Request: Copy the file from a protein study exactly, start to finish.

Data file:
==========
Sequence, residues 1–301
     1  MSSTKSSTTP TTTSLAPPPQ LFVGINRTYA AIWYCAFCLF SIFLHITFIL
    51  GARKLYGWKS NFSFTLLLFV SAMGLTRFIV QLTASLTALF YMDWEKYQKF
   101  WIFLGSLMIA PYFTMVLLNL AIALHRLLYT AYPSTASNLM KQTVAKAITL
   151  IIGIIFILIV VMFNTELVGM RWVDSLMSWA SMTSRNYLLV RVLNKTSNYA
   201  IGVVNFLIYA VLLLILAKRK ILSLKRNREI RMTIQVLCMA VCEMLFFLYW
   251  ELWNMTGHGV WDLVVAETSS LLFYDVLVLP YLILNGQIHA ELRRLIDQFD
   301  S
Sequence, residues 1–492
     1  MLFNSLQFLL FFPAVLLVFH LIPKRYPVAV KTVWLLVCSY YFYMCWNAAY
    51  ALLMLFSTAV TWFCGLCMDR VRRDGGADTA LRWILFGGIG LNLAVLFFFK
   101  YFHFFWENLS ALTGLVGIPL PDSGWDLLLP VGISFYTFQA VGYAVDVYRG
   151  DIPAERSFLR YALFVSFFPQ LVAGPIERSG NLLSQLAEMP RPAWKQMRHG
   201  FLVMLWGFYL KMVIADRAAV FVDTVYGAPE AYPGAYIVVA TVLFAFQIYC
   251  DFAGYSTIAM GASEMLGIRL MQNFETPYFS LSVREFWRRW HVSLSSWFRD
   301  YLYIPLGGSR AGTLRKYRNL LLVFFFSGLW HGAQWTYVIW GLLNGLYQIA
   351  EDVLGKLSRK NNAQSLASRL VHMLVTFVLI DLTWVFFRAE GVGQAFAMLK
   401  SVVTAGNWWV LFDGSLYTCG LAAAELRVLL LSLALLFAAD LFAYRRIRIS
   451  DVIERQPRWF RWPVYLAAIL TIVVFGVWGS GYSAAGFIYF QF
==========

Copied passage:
Sequence, residues 1–301
     1  MSSTKSSTTP TTTSLAPPPQ LFVGINRTYA AIWYCAFCLF SIFLHITFIL
    51  GARKLYGWKS NFSFTLLLFV SAMGLTRFIV QLTASLTALF YMDWEKYQKF
   101  WIFLGSLMIA PYFTMVLLNL AIALHRLLYT AYPSTASNLM KQTVAKAITL
   151  IIGIIFILIV VMFNTELVGM RWVDSLMSWA SMTSRNYLLV RVLNKTSNYA
   201  IGVVNFLIYA VLLLILAKRK ILSLKRNREI RMTIQVLCMA VCEMLFFLYW
   251  ELWNMTGHGV WDLVVAETSS LLFYDVLVLP YLILNGQIHA ELRRLIDQFD
   301  S
Sequence, residues 1–492
     1  MLFNSLQFLL FFPAVLLVFH LIPKRYPVAV KTVWLLVCSY YFYMCWNAAY
    51  ALLMLFSTAV TWFCGLCMDR VRRDGGADTA LRWILFGGIG LNLAVLFFFK
   101  YFHFFWENLS ALTGLVGIPL PDSGWDLLLP VGISFYTFQA VGYAVDVYRG
   151  DIPAERSFLR YALFVSFFPQ LVAGPIERSG NLLSQLAEMP RPAWKQMRHG
   201  FLVMLWGFYL KMVIADRAAV FVDTVYGAPE AYPGAYIVVA TVLFAFQIYC
   251  DFAGYSTIAM GASEMLGIRL MQNFETPYFS LSVREFWRRW HVSLSSWFRD
   301  YLYIPLGGSR AGTLRKYRNL LLVFFFSGLW HGAQWTYVIW GLLNGLYQIA
   351  EDVLGKLSRK NNAQSLASRL VHMLVTFVLI DLTWVFFRAE GVGQAFAMLK
   401  SVVTAGNWWV LFDGSLYTCG LAAAELRVLL LSLALLFAAD LFAYRRIRIS
   451  DVIERQPRWF RWPVYLAAIL TIVVFGVWGS GYSAAGFIYF QF